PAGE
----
I've started to realise that this time of year is all work and little play in the garden. I've been kept busy for the past few weeks with pruning, clearing and getting the garden ready for the summer - which still seems a long way off - but the hard work I put it now will (hopefully) pay off later.
I still feel like I'm doing a lot of guesswork though, because I don't know what many of the plants and bushes are and I'm learning as I go along. Twitter is great for that btw - just tweet a photo of your unknown plant and someone will tell you what it is.
In the meantime I'm following Dan Pearson's gardening recommendations for each month - I like his list of jobs for each month; as well as reading my Gardening Through the Year book which is broken into month by month chapters with featured plants and a What To Do section. I like clear instructions, and as I'm very much a beginner I like pictures too!
Anyway, this week I've been planting some dahlias, a peony and an agapanthus. I've never planted dahlias before and even though they're slightly old-fashioned I like the fact they flower so profusely during the summer months, plus (and allow me a little nostalgia for a second) they were probably my Dad's favourite plants. I'm making that assumption because we always had a lot of dahlias in the family garden when we were growing up. So dahlias it is then.
I bought two, and because they need full sun, decided to plant them in this bed under the living room window. This bed gets the most sun of the whole garden because it's south facing and gets only dappled shade. I also planted a few allium bulbs in this border last autumn, but so far only 3 have made an appearance. Fingers crossed for the others.
One of the best things about this garden (and our previous one too) is the good soil quality. I dug a hole for one of the dahlia bulbs and it's really dark, crumbly soil. Be aware that slugs love dahlia bulbs so it's a good idea to put some slug repellant down. If you prefer to garden organically, I've always found broken egg shells to be a good slug deterrent. They won't crawl over them so break some up roughly (not too small) and scatter them around the plant/s you want to protect.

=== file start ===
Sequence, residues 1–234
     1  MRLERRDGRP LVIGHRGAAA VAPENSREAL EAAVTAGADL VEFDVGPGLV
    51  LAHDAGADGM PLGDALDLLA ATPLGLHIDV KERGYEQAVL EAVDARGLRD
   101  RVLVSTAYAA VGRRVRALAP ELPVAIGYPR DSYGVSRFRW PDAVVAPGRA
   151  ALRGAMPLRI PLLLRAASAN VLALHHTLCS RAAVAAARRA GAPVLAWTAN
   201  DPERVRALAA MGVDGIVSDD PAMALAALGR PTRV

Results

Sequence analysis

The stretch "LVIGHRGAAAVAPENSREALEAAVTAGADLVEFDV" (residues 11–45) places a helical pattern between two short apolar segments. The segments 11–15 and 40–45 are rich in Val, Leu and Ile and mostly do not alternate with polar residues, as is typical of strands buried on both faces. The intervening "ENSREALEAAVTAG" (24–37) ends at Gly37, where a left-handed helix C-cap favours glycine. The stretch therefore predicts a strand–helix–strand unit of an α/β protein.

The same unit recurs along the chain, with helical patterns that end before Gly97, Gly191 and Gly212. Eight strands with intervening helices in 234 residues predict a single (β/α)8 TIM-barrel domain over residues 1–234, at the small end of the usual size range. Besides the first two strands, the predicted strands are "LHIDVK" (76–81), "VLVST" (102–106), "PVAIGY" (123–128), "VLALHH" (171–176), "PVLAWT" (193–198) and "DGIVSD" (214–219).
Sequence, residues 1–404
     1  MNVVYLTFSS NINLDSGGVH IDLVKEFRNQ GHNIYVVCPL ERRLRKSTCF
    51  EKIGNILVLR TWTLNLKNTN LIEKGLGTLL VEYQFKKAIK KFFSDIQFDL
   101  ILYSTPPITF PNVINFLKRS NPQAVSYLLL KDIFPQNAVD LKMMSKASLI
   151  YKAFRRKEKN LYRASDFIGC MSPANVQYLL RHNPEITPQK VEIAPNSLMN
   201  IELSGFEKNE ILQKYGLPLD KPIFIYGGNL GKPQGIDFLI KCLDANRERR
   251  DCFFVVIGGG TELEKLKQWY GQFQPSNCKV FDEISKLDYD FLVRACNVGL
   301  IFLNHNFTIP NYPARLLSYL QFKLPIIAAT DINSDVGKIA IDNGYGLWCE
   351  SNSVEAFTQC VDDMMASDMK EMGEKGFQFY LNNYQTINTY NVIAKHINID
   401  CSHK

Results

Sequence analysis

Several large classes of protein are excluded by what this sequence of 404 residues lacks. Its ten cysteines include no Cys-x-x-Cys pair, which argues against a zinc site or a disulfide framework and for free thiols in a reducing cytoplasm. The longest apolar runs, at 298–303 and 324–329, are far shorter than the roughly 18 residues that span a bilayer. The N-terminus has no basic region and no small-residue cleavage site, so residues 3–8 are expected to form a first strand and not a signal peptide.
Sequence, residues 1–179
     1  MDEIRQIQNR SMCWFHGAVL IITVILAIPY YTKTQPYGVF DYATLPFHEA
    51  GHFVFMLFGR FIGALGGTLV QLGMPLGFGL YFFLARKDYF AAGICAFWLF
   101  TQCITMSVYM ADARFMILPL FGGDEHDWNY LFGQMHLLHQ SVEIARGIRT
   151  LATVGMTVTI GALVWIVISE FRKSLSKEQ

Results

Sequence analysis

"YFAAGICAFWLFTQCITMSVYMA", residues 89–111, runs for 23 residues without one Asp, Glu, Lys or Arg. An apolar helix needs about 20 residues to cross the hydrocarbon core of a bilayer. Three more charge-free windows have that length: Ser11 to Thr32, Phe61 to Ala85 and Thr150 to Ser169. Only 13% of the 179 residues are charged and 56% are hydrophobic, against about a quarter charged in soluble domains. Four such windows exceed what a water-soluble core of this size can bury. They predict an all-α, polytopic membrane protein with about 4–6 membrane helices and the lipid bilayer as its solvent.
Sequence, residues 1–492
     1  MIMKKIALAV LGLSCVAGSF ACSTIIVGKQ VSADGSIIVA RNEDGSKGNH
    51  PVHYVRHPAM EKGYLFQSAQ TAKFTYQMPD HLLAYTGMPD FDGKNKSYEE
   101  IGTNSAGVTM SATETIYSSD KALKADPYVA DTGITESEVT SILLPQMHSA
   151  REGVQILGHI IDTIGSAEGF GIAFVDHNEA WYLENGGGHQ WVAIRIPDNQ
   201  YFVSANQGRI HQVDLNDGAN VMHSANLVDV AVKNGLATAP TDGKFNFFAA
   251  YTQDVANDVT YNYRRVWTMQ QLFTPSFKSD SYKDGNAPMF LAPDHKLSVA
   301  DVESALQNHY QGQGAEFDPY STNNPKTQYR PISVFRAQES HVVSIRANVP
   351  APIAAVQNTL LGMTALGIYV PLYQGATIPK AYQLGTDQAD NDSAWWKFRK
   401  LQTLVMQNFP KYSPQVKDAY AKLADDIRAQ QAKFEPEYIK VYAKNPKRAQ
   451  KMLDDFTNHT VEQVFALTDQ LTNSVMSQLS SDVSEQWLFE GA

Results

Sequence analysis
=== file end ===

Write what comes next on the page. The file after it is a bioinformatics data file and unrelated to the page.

On one of my trips to Homebase I saw this lovely 'bronze effect' hare. I think it's made from plaster or something similar, but it does look like it could be bronze - so much so, that everyone who picks it up expects it to be very heavy. I thought it was a bargain at £10. Of course when I brought it home Tessie was very curious - it probably brought back some memories of her racing days - but when it didn't move she quickly lost interest.
The hare is now standing guard outside the shed. I might move him into a border at some point but at the moment I like seeing him there, looking vigilant. It's also made me realise that the shed is in serious need of restaining, so that's going onto my list of jobs for this year. I also want to stain the inside a light colour and sort out some shelving and get it organised. At the moment everything is just placed in there with no rhyme or reason.
The hellebores are still looking beautiful and their pinks and lime greens had a bit of colour to the otherwise bare beds.
After chopping down that huge shrub recently, I finally managed to get rid of all the cuttings this week. They had been sitting in a pile waiting for me to do something with them, and today I finally cut most of them down and put them in the garden waste bin. (We have garden waste collected every two weeks by the local council, brilliant idea).
But I didn't get rid of them all, I decided to trim some of the longer ones and keep them back. I'm going to use them as plant supports and already have some sweet peas that will be ready to plant outside soon and will need some sort of frame support. These will be do nicely.
I've still got a long list of things to do, and it's hard work especially as my back is prone to weakness, but it's immensely satisfying and I've noticed my mood lift whenever I spend time in the garden, especially if I was feeling a bit down beforehand.
Are you busy in the garden? What are you planting/planning?